The Enbridge Ring: A lasting symbol of our commitment to safety

Specially designed ring is a constant, sobering reminder of our duties and responsibilities

It is lasting, strong, and solid, like the company values it represents.

It is also a sobering reminder of Enbridge’s past missteps, and a symbol of the journey we’re taking toward our goal of 100% safety.

It’s the Enbridge Ring—and since its introduction in 2011, it’s been presented to every new permanent employee across our North American enterprise, as it will be in perpetuity.

Enbridge exists to fuel people’s quality of life, and the Enbridge Ring is a constant reminder of our duty to earn the trust and protect the safety of all those who count on Enbridge to deliver energy safely and reliably.

“To me, the ring concept says I’m a part of an organization that isn’t looking for absolution for its mistakes, but accepts accountability for them,” says Candice, who joined Enbridge’s community engagement team in March, and is based in Bay City, Michigan.

We developed the Enbridge Ring in late 2010 and early 2011 with the help of artist and jeweler Jeff DeBoer.

Every single employee ring contains steel from Line 6B (now Line 78), the Enbridge pipeline at the center of the Marshall, Michigan incident of July 2010. The steel has been cleaned, sandblasted, heated, rolled and shaped to match the curve of the rings.

And while these rings contain Line 6B steel, they memorialize more than the Marshall incident of 10 years ago—they also mark our firm commitment to safety and the protection of the public and the environment.

“I wasn’t an Enbridge employee during the Marshall incident, but by taking on a role with this organization I’ve committed myself to understanding its impact—and doing my part to help prevent such an incident from ever happening again,” says Candice.

The Marshall incident is etched on our DNA. The lessons we learned at Marshall have formed the foundation of our safety culture, made a lasting impact on how we operate, and ultimately made us a safer company:

  • From 2011 through 2019, inclusive, we invested a total of more than $8.4 billion on programs that help us maintain the fitness of our systems across North America.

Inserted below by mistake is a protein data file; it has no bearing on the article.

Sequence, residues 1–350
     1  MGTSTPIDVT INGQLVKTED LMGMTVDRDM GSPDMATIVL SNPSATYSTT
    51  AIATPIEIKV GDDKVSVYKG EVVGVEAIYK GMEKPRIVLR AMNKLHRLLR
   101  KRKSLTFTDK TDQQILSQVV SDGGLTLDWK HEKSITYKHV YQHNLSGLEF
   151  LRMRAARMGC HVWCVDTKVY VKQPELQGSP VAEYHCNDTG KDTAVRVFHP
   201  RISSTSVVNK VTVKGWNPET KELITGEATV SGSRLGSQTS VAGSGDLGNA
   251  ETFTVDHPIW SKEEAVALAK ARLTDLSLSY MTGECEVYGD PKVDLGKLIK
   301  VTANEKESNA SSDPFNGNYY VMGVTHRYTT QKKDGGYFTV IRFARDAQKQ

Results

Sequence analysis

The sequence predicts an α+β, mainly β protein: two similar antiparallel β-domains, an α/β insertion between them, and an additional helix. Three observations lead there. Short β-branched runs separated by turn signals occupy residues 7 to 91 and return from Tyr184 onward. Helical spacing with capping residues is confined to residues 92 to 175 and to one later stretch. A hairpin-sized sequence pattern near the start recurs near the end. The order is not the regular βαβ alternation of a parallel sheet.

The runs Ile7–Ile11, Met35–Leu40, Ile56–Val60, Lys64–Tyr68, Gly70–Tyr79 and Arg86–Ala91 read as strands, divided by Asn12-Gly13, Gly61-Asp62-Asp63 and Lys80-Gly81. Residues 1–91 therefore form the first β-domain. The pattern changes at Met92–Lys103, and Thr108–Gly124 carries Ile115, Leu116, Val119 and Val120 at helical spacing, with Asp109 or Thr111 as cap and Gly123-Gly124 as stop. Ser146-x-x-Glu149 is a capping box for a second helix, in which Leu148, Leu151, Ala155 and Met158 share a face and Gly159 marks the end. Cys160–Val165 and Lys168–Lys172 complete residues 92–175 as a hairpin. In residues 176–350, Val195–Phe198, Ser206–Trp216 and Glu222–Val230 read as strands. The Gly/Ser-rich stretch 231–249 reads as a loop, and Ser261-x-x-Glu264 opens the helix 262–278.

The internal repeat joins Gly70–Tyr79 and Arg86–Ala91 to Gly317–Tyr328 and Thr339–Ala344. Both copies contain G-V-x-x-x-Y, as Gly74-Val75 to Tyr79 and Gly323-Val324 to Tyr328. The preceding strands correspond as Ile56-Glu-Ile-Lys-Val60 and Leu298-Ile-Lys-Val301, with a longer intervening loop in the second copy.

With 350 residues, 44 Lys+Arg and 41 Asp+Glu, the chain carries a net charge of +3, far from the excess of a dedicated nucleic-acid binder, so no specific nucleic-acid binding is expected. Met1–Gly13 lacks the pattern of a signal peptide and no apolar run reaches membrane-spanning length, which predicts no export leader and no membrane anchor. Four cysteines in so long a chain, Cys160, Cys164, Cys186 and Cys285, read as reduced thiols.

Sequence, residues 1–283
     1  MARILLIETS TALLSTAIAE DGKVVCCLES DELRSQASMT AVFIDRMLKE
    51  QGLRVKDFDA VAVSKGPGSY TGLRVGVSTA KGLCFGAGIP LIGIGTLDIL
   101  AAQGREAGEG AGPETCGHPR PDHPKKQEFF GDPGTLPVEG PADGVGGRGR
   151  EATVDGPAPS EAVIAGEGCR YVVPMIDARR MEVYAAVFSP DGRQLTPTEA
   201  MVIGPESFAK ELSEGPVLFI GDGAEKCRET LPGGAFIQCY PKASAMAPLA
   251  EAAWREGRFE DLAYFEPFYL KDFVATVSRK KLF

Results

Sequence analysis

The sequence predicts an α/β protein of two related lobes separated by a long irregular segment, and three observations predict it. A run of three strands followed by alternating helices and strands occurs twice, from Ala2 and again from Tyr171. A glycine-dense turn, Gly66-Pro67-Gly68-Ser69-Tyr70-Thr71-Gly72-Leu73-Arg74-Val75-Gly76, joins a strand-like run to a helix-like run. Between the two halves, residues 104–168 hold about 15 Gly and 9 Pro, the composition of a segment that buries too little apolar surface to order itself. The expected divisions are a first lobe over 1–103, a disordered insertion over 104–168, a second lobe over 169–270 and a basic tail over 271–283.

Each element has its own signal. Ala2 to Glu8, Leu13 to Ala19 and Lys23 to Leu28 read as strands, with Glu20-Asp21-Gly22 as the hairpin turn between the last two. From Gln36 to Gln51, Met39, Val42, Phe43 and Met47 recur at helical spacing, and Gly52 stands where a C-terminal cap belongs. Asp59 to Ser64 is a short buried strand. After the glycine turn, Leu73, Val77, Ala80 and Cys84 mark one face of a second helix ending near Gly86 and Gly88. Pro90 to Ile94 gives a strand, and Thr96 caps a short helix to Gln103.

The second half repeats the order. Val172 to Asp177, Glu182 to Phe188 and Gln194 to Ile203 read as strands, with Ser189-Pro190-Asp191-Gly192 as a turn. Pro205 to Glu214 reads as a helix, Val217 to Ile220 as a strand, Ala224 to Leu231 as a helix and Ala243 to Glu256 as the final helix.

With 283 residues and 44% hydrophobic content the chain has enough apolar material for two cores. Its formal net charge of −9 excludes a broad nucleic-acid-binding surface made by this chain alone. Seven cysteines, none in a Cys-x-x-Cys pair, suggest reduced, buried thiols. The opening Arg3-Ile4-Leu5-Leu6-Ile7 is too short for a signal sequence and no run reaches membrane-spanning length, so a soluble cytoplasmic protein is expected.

• In that same time frame, we’ve conducted an average of 2,100 preventative maintenance digs and 275 inline inspections per year on our North American pipeline network, activities that allow us to monitor both the interior and exterior of our pipes.
  • From 2012 through 2019, inclusive, we’ve participated in an average of 339 full-scale exercises, drills and equipment deployment events across our company each year to test and hone our readiness in the event of an incident.

The design of the Enbridge Ring, with a working hinge and solid brass dial and bolt, represents the active role that every one of our employees plays in helping to transport, distribute, and generate energy safely and reliably.

Candice saw Enbridge’s safety culture in action earlier this year, when the COVID-19 pandemic hit North America.

“Our teams worked tirelessly to draft and disseminate pandemic plans not only for remote workers like myself, but for essential field staff doing pipeline maintenance and installation,” she says. “Enbridge also provided me the support I needed—without red tape or bottlenecks—to ensure medical staff and first responders in my communities received PPE and meals from local restaurants as they worked around the clock to flatten the Coronavirus curve.

“That just reaffirmed for me that I’m on the winning team.”

Since July 2011, a working sculpture of the Enbridge Ring, weighing about 100 pounds and measuring 18 inches in diameter, has been installed in the main lobby of Enbridge’s head office in Calgary, Canada.

Ultimately, the Enbridge Ring is symbolic of our personal commitment to safety and integrity—every day—in word, thought and deed.